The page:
While effective communication is essential to building a strong brand, excessive communication often has the same effect as not communicating at all. When you over-communicate, audiences begin to automatically ignore your content meaning it’s difficult to listen with full attention, and almost impossible to absorb in full.
Effective communication is how brands and businesses thrive. Overcommunicating may mean sending out unnecessary information about your brand or saying the same thing repeatedly, without changing the way the message is being said. It’s worth doing everything necessary to ensure your company is saying the right thing, to the right people, in the right way and via the right channels.
Decades ago, adequate communication opportunities posed a major challenge to emerging brands. Now, however, with an extremely long trail of communication platforms including various social media platforms, email marketing, and so on, the opportunities abound. These new options can increase the urge to speak excessively and quite frankly audiences are struggling to keep up with the many things brands communicate about. Overcommunicating, is often rooted in good intentions. It may stem from a desire to increase visibility or convince potential customers of the trustworthiness of your brand.
However, customers are becoming increasingly adept at filtering out excessive or in-genuine communications from brands. On this, Raja Rajamannar, CMCO (Chief Marketing & Communications Officer) of MasterCard, says, “It keeps me awake every night. Consumers look at advertisements as an annoyance, as an interruption to their experience. They’re very irritated.”
The answer to engaging your audience is not to speak constantly, but to speak more effectively.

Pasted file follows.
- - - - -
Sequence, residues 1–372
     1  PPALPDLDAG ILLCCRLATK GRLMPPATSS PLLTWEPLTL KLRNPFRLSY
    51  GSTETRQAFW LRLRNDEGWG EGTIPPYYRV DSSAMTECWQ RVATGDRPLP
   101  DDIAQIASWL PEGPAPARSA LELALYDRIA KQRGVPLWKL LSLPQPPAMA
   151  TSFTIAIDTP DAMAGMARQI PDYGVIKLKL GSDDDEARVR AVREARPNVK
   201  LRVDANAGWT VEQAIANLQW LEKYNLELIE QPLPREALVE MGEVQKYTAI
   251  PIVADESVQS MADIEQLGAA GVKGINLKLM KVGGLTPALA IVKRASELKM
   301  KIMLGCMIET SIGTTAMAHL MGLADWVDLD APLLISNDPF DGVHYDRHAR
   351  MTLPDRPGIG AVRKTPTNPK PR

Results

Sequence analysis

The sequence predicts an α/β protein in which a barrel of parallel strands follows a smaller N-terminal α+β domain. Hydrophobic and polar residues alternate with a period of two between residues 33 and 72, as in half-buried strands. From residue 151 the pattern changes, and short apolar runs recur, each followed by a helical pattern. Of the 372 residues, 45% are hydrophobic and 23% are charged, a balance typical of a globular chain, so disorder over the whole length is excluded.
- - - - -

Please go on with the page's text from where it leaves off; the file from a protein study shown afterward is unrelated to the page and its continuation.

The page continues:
Here are a few tips:
Ask Questions and Get feedback
Effective communication involves an exchange of information. Be sure to know what your audience needs and provide it accordingly. Find out the type and quantity of information your audience desires, and think about how to make your communications easy for them to consume. Ensure that you answer questions that your potential target audience has, rather than constantly sending out information about your brand. By providing value, you create a mutually beneficial relationship.
Use a variety of communication methods:
Make use of visual, audio and text driven media rather than sticking to one type. Also, ensure email engagements are reduce necessary. In 2015, an average of 205 billion emails were sent out daily. By the end of this year, that figure is expected to increase by 15 billion. Email newsletters are likely to get lost in the clutter or get opened very briefly. If you are sending emails make sure your content is engaging and visual so users are inclined to not only open it, but to read through in full. One last email tip, ensure that the subject line is very specific. This will gain your reader’s attention and differentiate your email from the pack.
Create solid content across platforms:
Content is still king. By garnering more engagement, sign-ups, site click-throughs and so on, putting out the right content puts your company in a better position to compete. Also, don’t forget more traditional outlets. Leveraging established audiences through newspapers, magazines, and television is still worthwhile. Ensure that everything that goes out is in alignment with your brand and that it is genuinely useful to your audience. Be open to employing professional copywriters or content creators for this task. The more value you offer, the more visible you become.
When in doubt, say less. The average reader lacks the time and patience to dig through tons of information in the slight chance of finding useful content. Sites that have wide readership usually have posts between 300-800 words. Whether online or offline the first few seconds of your engagement is what will determine whether the consumer continues to read, watch or listen. Be concise and edit your content to suit the platform you’re using.
To avoid compromising your brand integrity, focus on making your communication constant, clear, and transparent. Make every word count.